As a vegetarian, I eat a lot of fruits and veggies. I can peel, chop and then eat a whole pineapple for dinner. I love every fruit—excepting red delicious apples. They look like molars, and simply taste icky. Oh, and I absolutely detest bell peppers. Can’t stand the smell of them. And I don’t understand how people eat raw celery. Blech. I get annoyed when I find it in macaroni salad. Seriously, why??
So, my grocery lists tend to include a variety of fresh produce. I am always looking for ways to extend its life and usefulness, though I do occasionally end up sharing an apple or two with the squirrels.
1. Planning is key. If you know what you need for the meals you’ll be making, then you won’t overbuy or buy stuff you won’t use.
2. Don’t buy prepared vegetables. First, it’s going to cost you more. Second, once produce is washed and peeled, its nutritional value starts to diminish. Once it’s peeled and cut, it’s going to spoil faster than if you wait until you’re ready to use it. So, invest in a salad spinner and start buying heads of lettuce instead of bags.
3. Buy fresh, local produce when possible. Obviously, stuff that’s spent less time in transport and storage is going to have more life left in it when you bring it home. So, head to your farmer’s market or buy into a local CSA.
4. When you can’t buy fresh, local produce, steer toward buying what’s in season. Again, it’s going to be cheaper and of better quality.
5. Make sure your hands and storage items are clean. If you reach into a bag of spinach with bacteria on your hands, you’re going to leave some behind. Clean hands will avoid sharing the ick of the outside world with your produce.
6. Placement. Most refrigerators have areas that are colder than other areas. Coldest tends to be back of the bottom shelf. The door is going to be warmest. So, for example, you might want avoid putting your lettuce in the coldest spots if they might dip too close to freezing.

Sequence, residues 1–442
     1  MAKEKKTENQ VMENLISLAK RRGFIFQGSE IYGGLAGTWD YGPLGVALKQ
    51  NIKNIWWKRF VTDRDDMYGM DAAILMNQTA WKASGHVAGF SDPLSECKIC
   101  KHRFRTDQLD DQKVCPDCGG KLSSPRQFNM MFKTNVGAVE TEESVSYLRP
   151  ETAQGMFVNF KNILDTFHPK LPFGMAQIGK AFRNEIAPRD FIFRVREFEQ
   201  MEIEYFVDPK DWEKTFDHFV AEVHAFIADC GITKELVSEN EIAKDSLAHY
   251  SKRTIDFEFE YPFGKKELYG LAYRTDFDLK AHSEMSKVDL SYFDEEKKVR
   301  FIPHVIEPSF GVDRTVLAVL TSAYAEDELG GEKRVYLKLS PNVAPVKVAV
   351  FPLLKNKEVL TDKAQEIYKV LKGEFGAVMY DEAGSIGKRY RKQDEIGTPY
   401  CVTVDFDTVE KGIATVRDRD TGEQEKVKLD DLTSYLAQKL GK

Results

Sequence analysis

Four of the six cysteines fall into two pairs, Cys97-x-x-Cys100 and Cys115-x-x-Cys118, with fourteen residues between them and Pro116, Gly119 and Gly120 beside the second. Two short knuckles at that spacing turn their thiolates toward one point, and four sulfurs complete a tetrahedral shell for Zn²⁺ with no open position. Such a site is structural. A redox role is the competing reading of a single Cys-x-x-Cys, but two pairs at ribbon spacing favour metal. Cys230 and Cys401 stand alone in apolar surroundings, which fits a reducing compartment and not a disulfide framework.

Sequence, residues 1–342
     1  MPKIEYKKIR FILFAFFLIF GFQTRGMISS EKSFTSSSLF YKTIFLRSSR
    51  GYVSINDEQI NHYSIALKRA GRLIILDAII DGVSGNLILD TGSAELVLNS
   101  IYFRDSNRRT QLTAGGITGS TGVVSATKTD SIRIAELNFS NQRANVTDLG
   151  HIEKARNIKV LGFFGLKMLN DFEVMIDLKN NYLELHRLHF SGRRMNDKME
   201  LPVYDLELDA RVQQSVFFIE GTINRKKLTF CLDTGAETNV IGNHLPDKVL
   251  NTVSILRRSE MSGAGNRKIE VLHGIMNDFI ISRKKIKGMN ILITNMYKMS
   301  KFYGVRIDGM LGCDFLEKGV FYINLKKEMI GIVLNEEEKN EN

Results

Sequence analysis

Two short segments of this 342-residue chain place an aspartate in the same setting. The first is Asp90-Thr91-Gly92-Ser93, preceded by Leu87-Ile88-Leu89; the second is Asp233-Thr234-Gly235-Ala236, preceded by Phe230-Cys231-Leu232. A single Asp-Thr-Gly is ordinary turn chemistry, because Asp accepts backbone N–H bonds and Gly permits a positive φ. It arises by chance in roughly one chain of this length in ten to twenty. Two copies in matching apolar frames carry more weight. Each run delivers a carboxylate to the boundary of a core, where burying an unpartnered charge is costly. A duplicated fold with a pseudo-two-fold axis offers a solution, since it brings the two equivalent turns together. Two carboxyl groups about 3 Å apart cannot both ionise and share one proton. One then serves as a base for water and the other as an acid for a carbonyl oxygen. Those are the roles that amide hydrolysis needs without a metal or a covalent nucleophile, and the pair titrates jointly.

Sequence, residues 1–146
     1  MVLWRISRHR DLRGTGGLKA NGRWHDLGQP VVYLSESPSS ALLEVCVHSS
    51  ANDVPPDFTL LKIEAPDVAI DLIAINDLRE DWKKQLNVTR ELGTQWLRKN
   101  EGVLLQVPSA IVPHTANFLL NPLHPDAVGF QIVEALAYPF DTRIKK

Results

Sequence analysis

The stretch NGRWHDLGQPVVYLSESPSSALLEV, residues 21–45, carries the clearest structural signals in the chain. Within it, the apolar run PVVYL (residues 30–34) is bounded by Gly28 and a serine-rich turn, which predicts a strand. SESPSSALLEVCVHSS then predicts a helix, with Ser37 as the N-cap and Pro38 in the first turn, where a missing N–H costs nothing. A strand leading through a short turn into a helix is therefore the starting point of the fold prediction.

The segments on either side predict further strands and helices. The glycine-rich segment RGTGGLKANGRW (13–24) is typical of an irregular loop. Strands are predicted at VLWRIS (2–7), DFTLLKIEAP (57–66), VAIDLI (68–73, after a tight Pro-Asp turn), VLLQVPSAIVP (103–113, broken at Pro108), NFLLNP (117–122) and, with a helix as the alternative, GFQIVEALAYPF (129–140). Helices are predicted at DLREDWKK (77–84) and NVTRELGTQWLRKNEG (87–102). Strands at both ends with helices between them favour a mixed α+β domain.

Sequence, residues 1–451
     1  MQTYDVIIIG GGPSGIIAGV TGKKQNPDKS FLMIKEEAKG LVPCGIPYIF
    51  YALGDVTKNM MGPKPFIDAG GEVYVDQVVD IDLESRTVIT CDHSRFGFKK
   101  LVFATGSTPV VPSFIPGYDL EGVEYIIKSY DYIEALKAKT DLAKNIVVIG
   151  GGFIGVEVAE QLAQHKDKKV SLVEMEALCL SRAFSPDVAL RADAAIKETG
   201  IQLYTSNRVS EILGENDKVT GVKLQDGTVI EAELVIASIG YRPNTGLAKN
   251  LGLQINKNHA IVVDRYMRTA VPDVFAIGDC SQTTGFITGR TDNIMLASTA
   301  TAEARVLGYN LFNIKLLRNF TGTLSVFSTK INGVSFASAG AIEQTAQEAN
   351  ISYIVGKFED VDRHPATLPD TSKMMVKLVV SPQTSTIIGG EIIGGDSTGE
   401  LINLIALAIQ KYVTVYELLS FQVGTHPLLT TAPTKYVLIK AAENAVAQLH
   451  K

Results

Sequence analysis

7. Separate fruits and veggies in the fridge.
8. Utilize the crisper drawer(s) in your refrigerator. Know which produce needs more/less humidity and adjust accordingly.
9. Wash before you cut. Even though you might not be eating, say, the watermelon rind, if you slice your knife through God-knows-what on the rind and into the yummy melon-y part, well your watermelon slices may not last as long. Some sources recommend washing produce in a sparkling clean kitchen sink full of water to which 2 oz. of hydrogen peroxide has been added.
Specific tips (some of these are gathered from the internet, so I can’t vouch for all of them. But worth a try.)
1. Don’t wash, hull or slice strawberries until you intend to use them.
2. Wrap celery in aluminum foil.
3. If your romaine or leaf lettuce starts to wilt, cut a small piece of the bottom end off and put the rest of it in water in the fridge (kind of like a bouquet of flowers). It will perk right back up. Same goes for celery.
4. Once lettuce leaves are washed and spun, wrap them loosely in slightly damp paper towels and put in a zippered plastic bag. Remove as much air as possible.